a 20,000-ton Orient liner, was hit on the bridge by a German bomb. The Lancastria was free to depart and advised by the captain of the British destroyer to leave, but without a destroyer escort against possible submarine attack, Sharp decided to wait.

A fresh air raid began before 4 pm. Lancastria was bombed at 15:48 by Junkers 88 aircraft from II. Gruppe/Kampfgeschwader 30
Kampfgeschwader 30
-Service history:Formed on 15 November 1939 in Greifswald. I Gruppe formed 1 September, II Gruppe on 23 September and III Gruppe on 1 January 1940, based in Greifswald then Barth...

. Three direct hits caused the ship to list first to starboard then to port; she rolled over and sank within twenty minutes. Over 1,400 tons of fuel oil leaked into the sea and was set partially on fire, possibly by strafing. Many drowned, were choked by the oil or were shot by the strafing German aircraft. Survivors were taken aboard other evacuation vessels, the trawler Cambridgeshire rescuing 900. There were 2,477 survivors. The death toll accounted for roughly a third of the total losses of the British Expeditionary Force
British Expeditionary Force (World War II)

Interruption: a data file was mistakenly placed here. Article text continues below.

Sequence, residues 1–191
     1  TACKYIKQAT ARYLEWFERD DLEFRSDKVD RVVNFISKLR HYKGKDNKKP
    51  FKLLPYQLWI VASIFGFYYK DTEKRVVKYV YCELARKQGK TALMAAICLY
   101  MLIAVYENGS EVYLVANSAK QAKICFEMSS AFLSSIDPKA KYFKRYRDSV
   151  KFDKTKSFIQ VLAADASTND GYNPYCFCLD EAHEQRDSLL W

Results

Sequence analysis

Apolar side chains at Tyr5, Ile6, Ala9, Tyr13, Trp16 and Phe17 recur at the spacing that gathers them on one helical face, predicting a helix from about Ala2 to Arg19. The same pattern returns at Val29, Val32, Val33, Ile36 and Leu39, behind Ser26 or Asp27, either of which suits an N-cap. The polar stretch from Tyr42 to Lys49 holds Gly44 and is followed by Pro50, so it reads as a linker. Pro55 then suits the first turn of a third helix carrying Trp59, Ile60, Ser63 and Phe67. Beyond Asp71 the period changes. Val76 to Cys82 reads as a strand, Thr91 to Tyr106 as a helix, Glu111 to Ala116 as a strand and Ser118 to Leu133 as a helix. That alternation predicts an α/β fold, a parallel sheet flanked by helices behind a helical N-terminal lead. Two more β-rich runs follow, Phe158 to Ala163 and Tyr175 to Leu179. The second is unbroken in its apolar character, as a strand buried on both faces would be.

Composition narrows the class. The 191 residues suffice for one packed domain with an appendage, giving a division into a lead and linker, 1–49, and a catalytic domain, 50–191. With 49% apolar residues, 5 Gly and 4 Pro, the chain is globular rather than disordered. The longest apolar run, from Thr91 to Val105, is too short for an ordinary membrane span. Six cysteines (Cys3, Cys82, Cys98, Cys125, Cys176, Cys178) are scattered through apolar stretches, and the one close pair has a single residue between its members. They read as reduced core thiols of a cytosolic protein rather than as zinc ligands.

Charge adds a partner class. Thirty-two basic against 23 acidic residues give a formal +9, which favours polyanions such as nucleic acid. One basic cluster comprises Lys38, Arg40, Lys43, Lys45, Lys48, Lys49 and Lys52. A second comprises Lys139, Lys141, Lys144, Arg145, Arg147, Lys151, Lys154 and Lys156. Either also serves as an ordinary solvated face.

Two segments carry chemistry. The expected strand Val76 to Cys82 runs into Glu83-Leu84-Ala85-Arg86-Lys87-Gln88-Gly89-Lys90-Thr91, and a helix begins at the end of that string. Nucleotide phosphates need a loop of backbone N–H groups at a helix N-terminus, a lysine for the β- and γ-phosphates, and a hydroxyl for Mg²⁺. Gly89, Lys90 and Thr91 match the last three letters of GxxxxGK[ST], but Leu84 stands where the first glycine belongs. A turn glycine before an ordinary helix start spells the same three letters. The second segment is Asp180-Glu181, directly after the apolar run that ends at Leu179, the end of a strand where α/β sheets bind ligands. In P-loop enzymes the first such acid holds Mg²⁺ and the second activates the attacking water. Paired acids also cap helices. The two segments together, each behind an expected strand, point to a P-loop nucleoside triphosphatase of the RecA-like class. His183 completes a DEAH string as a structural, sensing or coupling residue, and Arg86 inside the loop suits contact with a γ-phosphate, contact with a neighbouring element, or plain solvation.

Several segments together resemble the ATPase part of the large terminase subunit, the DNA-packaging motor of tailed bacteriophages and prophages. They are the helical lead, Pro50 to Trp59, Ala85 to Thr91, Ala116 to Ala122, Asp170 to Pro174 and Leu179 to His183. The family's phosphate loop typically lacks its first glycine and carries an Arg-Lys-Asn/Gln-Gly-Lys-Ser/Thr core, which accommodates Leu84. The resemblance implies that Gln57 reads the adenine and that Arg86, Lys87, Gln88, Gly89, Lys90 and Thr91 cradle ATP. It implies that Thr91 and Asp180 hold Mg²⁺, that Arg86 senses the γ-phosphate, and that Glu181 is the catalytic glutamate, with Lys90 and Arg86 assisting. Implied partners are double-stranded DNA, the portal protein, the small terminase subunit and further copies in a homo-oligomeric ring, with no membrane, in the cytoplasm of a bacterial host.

The British Expeditionary Force was the British force in Europe from 1939–1940 during the Second World War. Commanded by General Lord Gort, the BEF constituted one-tenth of the defending Allied force....

 in France. She sank around 5 nmi (9.3 km) south of Chémoulin Point in the Charpentier roads, around 9 nmi (16.7 km) from St. Nazaire. The Lancastria Association Victim registers 1,738 deaths.

The immense loss of life was such that the British government suppressed news of the disaster through the D-Notice
A DA-Notice or Defence Advisory Notice is an official request to news editors not to publish or broadcast items on specified subjects for reasons of national security...

 system, but the story was broken in the United States by the New York Times and in Britain by The Scotsman
The Scotsman
The Scotsman is a British newspaper, published in Edinburgh.As of August 2011 it had an audited circulation of 38,423, down from about 100,000 in the 1980s....

on 26 July, more than five weeks after the incident. Other parts of the British press then covered the story, including the Daily Herald (also on 26 July), which carried the story on its front page, and Sunday Express on 4 August; the latter included a photograph of the capsized ship with its upturned hull lined with men under the headline "Last Moments of the Greatest Sea Tragedy of All Time". Due to the government-ordered cover-up, survivors and the crews of the ships that had gone to the aid of Lancastria did not discuss the disaster at the time due to the fear of court martial. The British Government has refused to make the site a war grave